Lines of police in riot gear closed in around 5 a.m. on the hundreds of protesters who had gathered at Frank H. Ogawa plaza in anticipation of the eviction.
By the time Mayor Jean Quan toured through two hours later, there was nothing to see but collapsed tents and abandoned signs.
Quan’s chief legal adviser Dan Siegel resigned the night before over the coming police raid.
Many occupiers had packed up their tents before the eviction, disheartened but vowing to return. They plan to rally at 4 p.m. in front of the main branch of the Oakland public library.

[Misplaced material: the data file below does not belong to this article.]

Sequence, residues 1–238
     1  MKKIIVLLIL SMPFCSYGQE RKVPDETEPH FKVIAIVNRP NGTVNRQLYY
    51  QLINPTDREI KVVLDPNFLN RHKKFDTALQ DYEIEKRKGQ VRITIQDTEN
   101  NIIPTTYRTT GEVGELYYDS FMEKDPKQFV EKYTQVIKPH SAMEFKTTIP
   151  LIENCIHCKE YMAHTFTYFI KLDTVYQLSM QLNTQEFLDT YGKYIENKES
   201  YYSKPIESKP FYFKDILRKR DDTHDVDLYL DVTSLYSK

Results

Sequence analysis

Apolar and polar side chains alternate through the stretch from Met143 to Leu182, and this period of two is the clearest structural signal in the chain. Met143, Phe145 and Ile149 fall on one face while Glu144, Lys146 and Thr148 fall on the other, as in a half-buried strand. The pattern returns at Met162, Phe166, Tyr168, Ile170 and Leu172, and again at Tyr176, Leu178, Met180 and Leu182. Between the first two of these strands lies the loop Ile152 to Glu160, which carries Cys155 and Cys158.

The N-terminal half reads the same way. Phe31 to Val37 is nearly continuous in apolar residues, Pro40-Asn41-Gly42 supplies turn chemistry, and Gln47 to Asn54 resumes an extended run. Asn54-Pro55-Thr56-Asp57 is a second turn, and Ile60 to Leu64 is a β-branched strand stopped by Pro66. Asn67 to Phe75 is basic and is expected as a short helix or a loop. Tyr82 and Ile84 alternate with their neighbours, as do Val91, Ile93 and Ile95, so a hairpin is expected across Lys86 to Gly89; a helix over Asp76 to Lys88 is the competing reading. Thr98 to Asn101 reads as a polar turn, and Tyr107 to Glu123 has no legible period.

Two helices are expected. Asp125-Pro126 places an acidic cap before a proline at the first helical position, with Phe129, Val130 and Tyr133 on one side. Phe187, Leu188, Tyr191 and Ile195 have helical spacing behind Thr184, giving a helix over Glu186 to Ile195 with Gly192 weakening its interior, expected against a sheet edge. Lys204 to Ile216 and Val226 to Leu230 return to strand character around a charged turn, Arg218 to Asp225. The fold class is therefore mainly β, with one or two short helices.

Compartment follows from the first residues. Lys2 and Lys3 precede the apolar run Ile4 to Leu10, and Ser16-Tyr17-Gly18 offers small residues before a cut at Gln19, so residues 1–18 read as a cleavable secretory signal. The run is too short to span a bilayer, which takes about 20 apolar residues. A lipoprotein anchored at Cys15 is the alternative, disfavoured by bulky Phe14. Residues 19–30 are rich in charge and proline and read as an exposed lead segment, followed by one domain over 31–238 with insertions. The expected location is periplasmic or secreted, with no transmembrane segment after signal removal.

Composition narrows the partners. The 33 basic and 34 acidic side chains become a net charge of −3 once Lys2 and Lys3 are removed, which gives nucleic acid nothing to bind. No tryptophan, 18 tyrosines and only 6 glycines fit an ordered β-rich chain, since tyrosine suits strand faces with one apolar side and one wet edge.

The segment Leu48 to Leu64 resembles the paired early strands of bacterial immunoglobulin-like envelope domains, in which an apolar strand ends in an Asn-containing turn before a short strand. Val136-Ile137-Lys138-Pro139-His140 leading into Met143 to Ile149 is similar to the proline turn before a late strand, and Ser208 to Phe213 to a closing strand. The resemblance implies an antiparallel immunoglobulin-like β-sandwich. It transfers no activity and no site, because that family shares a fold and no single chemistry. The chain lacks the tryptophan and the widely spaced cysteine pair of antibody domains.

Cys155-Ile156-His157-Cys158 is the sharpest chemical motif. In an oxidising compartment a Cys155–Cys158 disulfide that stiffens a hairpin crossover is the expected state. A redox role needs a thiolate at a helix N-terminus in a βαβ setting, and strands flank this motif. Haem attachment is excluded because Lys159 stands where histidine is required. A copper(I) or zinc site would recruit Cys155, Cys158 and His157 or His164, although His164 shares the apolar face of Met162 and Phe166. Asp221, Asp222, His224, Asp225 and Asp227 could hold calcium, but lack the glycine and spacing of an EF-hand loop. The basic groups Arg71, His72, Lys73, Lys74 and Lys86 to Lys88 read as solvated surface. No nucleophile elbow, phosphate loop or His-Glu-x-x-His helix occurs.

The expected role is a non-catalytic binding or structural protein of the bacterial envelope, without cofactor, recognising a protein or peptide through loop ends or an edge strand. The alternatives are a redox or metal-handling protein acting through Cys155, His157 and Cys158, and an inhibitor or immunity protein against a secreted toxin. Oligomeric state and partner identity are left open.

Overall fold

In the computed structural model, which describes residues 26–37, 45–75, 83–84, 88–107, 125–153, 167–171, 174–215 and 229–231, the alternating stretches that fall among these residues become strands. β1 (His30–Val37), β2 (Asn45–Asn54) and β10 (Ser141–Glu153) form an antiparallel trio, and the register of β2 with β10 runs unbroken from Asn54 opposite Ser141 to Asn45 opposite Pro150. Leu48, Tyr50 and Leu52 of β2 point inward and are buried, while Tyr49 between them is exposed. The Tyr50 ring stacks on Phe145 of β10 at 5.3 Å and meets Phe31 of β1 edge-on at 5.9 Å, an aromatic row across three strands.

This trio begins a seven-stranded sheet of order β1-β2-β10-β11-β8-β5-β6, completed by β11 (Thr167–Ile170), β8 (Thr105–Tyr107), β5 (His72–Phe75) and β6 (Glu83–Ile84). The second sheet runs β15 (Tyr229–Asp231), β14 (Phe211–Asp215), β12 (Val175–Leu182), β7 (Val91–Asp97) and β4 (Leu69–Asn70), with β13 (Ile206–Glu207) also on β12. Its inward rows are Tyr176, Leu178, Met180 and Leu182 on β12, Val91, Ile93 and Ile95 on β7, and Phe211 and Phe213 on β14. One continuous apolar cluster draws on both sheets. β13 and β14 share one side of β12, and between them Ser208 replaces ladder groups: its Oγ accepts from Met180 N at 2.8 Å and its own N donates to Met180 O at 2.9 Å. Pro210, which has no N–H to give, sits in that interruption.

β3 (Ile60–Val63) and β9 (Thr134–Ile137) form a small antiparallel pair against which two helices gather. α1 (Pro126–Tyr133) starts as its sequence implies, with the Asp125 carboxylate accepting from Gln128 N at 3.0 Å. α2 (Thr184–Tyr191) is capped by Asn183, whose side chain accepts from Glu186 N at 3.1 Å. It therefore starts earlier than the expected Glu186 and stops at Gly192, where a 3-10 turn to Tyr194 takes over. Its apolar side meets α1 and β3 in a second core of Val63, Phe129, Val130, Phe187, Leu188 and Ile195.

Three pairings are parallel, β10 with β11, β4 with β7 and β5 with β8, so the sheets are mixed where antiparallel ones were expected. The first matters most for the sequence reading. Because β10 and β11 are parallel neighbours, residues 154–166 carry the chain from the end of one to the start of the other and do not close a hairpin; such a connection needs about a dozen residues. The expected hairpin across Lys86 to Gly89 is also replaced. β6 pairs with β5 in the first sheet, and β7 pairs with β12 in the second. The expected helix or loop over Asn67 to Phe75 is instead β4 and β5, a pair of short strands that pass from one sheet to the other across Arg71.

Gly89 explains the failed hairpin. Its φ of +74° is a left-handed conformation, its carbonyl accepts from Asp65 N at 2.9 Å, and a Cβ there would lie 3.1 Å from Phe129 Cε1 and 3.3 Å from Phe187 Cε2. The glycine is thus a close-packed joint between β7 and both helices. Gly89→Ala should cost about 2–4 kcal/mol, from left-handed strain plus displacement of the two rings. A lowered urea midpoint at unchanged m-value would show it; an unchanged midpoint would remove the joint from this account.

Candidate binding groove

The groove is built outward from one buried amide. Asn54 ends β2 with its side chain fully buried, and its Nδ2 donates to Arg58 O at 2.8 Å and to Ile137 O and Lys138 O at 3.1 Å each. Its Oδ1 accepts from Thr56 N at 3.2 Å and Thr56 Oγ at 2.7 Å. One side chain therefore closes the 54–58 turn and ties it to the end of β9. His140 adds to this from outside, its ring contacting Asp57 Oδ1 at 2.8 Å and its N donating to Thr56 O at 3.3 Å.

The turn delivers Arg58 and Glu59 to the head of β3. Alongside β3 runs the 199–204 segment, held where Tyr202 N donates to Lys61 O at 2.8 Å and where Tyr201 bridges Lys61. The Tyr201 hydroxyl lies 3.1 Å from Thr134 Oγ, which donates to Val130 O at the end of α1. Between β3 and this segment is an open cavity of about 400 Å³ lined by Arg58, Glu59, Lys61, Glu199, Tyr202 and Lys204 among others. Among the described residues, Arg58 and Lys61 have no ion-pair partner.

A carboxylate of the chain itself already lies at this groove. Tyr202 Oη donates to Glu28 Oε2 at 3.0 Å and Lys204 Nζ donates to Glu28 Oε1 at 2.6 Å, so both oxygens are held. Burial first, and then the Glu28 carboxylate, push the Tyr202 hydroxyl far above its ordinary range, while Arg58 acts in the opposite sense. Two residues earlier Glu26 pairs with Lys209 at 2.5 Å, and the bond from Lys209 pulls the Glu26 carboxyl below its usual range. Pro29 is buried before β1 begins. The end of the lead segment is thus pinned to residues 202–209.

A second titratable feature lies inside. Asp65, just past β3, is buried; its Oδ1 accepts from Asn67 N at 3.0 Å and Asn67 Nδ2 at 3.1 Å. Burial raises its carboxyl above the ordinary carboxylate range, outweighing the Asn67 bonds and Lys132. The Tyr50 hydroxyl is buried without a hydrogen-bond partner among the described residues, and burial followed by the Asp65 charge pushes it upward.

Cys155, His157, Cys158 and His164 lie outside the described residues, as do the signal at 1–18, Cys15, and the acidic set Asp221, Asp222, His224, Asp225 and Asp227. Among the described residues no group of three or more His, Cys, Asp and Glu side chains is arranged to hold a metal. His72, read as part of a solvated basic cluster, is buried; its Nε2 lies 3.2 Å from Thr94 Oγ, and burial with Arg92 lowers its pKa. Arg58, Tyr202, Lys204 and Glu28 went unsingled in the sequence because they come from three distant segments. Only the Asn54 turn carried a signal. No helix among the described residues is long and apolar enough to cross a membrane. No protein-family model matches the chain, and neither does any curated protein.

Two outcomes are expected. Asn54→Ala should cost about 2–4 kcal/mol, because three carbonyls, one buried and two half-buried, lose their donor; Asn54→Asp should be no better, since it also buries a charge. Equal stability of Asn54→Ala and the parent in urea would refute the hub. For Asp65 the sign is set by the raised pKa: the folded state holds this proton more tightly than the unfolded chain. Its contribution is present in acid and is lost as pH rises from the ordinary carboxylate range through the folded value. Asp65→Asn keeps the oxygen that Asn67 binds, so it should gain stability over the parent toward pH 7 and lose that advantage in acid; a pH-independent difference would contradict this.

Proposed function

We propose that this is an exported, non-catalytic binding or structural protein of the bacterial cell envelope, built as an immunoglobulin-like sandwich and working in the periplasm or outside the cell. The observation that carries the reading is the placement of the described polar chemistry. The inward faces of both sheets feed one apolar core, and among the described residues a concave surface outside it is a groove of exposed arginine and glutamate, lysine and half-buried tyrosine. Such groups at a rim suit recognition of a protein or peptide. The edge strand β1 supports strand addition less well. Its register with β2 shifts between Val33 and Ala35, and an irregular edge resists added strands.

“It feels pretty sad because we built a community here, and now they can just come and destroy it,” said Lara Bitar, 28, as she helped collapse the camp’s “intifada tents” early Monday morning. “At the same time, this movement is about more than just the space here.”
Protesters chanted and played drums in the intersection of Broadway and 18th Street as police staged for the action.
Oakland’s call for mutual aid cost between $300,000 and $500,000, according to Interim Chief Howard Jordan, and drew forces from Hayward, Fremont, Richmond, San Leandro, San Mateo, San Francisco, Alameda County and BART.
An email from an unknown source circulated among campers late Sunday warning, “Expect to see overwhelming use of force by police directed to occupiers who refuse to comply.”
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